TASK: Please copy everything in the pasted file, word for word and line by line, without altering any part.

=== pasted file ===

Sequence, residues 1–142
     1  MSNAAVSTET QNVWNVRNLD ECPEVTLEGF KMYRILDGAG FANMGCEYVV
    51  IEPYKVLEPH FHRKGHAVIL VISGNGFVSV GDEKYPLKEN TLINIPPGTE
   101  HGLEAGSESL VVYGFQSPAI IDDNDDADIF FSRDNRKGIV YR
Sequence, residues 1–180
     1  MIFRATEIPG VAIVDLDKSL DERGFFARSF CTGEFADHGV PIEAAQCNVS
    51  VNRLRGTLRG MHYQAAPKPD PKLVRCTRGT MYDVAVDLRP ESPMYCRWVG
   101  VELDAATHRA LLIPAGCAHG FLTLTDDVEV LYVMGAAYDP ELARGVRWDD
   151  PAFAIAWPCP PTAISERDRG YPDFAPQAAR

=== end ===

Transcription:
Sequence, residues 1–142
     1  MSNAAVSTET QNVWNVRNLD ECPEVTLEGF KMYRILDGAG FANMGCEYVV
    51  IEPYKVLEPH FHRKGHAVIL VISGNGFVSV GDEKYPLKEN TLINIPPGTE
   101  HGLEAGSESL VVYGFQSPAI IDDNDDADIF FSRDNRKGIV YR
Sequence, residues 1–180
     1  MIFRATEIPG VAIVDLDKSL DERGFFARSF CTGEFADHGV PIEAAQCNVS
    51  VNRLRGTLRG MHYQAAPKPD PKLVRCTRGT MYDVAVDLRP ESPMYCRWVG
   101  VELDAATHRA LLIPAGCAHG FLTLTDDVEV LYVMGAAYDP ELARGVRWDD
   151  PAFAIAWPCP PTAISERDRG YPDFAPQAAR